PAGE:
3. The learned Subordinate Judge found the case set up in the plaint to be substantially true and held that the maintenance deed in question (Ex. I) was never intended to be acted upon and was also never acted upon. In the view that that document purporting to be a maintenance deed was only a sham, he treated it to be inoperative and held that it would not debar the plaintiff from claiming a reasonable rate of maintenance for the plaint-mentioned period on account of arrears due to her. Considering all the circumstances of this case, he allowed the plaintiff's claim for arrears of maintenance at the rate of Rs. 6,000 per annum and passed a decree accordingly. As against this decision, defendants 2 and 3 have filed this appeal, while the plaintiff has filed a memorandum of objections stating that the full rate claimed by her in the plaint should have been allowed by the Lower Court.
4. When the present claim of the plaintiff is resisted on the strength of the registered deed, Ex. I, to which she and her husband's brother Somasundara were parties, there is no doubt that the burden of proving that this deed which is ostensibly a deed of maintenance was only a sham is upon the plaintiff. As observed in the decision in Ranga Aiyar v. Srinivasa Aiyangar I.L.R. (1897) 21 Mad. 56 there must be clear evidence to justify a Court in holding that the parties did not intend that any legal effect should be given to it. In order to substantiate such a case it should be shown for what purpose other than the ostensible one the deed was executed. It is necessary to understand under what circumstances Ex. I came to be executed. [His Lordship then discussed the evidence and continued:]
5. In the view I have taken of the facts disclosed in this case, I consider that the deed in question, which sounds ostensibly like a deed of maintenance, was executed nominally, or in other words, not with the intention of giving effect to that deed as an operative contract, grant or disposition, but it was brought about in this form by Somasundara with the sole object of securing a sort of acknowledgment by the plaintiff of the undivided status of her husband. This object has been achieved by the insertion of a recital to that effect as a preamble to the maintenance deed, Ex. I, but that is only a statement of a fact and not part of any contract, grant or disposition. Ex. I, if treated as a contract, grant or disposition is shown to be wholly nominal or sham and as such it is void and unenforceable. It does not represent any real agreement arrived at as between the plaintiff and Somasundara. This is not a case where oral evidence is sought to be adduced for showing that Ex. I is enforceable not according to its plain terms, but in a modified form by something being substituted for or subtracted from or added to any of the terms expressly mentioned therein. It is only when parol evidence is sought to be let in for proving such a case, that Section 92 of the Indian Evidence Act would be a bar and render such oral evidence inadmissible. What the plaintiff seeks to prove in this case is that there was never any real disposition at all under Ex. I.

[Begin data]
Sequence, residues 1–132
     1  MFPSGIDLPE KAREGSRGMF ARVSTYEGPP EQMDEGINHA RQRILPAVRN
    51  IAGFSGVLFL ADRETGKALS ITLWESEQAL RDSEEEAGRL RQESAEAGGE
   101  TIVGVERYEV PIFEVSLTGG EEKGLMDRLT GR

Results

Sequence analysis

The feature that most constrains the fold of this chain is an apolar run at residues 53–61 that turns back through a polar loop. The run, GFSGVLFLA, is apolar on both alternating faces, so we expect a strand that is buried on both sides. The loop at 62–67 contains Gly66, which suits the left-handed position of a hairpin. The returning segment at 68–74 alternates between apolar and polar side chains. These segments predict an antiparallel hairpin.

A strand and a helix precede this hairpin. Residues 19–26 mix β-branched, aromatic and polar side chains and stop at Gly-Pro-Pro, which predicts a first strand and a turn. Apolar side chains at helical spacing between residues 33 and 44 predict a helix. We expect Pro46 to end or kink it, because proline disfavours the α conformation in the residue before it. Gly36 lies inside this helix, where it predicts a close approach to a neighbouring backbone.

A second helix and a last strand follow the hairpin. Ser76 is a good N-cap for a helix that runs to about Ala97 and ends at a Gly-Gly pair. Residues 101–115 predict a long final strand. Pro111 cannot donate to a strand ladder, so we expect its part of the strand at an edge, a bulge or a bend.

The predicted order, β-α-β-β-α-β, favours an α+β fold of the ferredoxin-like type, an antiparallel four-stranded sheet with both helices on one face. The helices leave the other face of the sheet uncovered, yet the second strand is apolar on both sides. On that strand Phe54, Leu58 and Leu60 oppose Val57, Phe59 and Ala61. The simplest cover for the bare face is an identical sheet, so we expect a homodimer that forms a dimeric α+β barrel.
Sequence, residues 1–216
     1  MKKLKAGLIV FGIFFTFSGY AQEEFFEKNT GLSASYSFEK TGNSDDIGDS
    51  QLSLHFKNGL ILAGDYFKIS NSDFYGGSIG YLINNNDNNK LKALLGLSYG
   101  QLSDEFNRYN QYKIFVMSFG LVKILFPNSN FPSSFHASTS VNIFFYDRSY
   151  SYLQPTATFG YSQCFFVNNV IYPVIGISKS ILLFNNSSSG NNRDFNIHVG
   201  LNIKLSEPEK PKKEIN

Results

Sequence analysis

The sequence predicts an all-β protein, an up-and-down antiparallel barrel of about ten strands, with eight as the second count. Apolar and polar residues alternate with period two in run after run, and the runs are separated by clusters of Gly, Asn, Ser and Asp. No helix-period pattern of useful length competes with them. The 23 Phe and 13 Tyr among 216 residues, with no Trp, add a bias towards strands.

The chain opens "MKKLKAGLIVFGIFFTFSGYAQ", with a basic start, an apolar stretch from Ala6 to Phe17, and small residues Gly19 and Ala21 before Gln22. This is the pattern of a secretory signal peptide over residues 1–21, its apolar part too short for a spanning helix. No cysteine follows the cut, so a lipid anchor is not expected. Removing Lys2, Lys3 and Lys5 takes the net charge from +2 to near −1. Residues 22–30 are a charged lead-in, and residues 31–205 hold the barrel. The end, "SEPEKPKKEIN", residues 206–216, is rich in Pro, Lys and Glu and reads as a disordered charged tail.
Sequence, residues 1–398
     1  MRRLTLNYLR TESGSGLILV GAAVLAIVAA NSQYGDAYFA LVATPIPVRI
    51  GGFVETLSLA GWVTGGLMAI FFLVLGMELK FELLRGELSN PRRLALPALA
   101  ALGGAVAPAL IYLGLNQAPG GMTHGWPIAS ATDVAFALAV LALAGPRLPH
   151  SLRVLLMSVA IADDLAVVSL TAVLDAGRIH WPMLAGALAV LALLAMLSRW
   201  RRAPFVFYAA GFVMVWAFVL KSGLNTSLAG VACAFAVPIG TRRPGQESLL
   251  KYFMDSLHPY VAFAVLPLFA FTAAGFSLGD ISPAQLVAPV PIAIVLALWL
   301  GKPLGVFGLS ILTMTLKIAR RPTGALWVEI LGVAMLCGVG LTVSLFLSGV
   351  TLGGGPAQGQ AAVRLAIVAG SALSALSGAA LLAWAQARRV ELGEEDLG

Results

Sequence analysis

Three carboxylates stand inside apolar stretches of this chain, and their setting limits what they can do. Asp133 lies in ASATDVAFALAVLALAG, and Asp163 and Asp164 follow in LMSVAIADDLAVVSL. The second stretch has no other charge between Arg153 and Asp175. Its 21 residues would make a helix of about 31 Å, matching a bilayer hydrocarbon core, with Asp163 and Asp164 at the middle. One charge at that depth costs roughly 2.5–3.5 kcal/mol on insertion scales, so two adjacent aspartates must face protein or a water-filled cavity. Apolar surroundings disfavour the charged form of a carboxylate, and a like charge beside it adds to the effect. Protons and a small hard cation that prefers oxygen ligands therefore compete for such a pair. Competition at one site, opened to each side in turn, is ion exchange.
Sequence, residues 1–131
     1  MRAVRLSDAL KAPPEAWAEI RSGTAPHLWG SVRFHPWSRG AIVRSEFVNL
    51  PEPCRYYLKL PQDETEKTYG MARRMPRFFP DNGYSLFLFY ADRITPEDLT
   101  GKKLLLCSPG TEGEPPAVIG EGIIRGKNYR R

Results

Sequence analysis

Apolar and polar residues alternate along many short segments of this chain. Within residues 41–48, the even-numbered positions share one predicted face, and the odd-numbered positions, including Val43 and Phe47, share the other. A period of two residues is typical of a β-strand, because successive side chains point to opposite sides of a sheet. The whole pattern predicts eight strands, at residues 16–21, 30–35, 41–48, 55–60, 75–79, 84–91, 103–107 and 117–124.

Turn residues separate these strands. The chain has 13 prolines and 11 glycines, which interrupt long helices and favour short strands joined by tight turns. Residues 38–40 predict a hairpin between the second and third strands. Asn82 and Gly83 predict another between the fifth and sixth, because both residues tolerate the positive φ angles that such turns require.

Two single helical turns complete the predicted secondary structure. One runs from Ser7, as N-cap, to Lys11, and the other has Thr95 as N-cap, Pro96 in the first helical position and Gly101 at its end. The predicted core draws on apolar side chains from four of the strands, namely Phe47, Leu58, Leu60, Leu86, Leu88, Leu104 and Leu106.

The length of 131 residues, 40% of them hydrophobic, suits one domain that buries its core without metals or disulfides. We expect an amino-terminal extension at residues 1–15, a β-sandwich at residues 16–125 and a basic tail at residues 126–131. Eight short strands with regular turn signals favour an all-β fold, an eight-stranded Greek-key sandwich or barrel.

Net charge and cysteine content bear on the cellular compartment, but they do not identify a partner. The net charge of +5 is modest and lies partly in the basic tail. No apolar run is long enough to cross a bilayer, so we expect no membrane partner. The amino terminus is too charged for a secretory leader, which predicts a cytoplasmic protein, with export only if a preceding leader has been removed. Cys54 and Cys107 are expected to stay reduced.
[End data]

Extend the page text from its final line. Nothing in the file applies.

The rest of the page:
6. Evidence to prove such a plea does not come within the scope of Section 92.
7. The observations in Harris v. Rickett (1859) 28 L.J. Exch. 197 which was followed in G. Ruthna Mudaliar v. K. Arumugha Mvidaliar (1872) 7 M.H.C.R. 189 seem to be pertinent to the present case. Bramwell, J., says:
The principle of the rule is, that it must be assumed that the parties agreed that the written agreement should be the evidence of the contract. The difficulty is, that in this case there was evidence that the parties did not agree that the written agreement should be the evidence of the contract.
8. In G. Ruthna Mudaliar v. K. Arumugha Mudaliar (1872) 7 M.H.C.R. 189 the principles laid down in the case of Pym v. Campbell (1856) 6 E. & B. 370 were followed, and Morgan, C.J., observes at page 196 as follows:
But it is said there is a written contract, the promissory note, and that no addition to, or variation from, its terms can be made by paroi. With respect to this, I take the law to be that, notwithstanding a paper writing, which purports to be a contract, may be produced, it is still competent to the Court to find upon sufficient evidence that this writing is not really the contract. And the risk of groundless defence does not affect the rule itself, though it suggests caution in acting on it.
9. It is true that this decision was given before the passing of the Indian Evidence Act. But this same principle has been adopted in later decisions given after Section 92 of the Evidence Act had come into operation. In the case reported in Baijnath Singh v. Hajee Vally Mahomed Hajee Abba I.L.R. (1924) 3 Rang. 106 : 48 M.L.J. 339 (P.C.) their Lordships of the Privy Council have explained the scope of Section 92 of the Indian Evidence Act in the following passage occurring at page 125:
The preamble to the Evidence Act recites that 'it is expedient to consolidate, define and amend the Law of Evidence', and Section 92 merely prescribes a rule of evidence; it does not fetter the Court's power to arrive at the true meaning and effect of a transaction in the light of all the surrounding circumstances.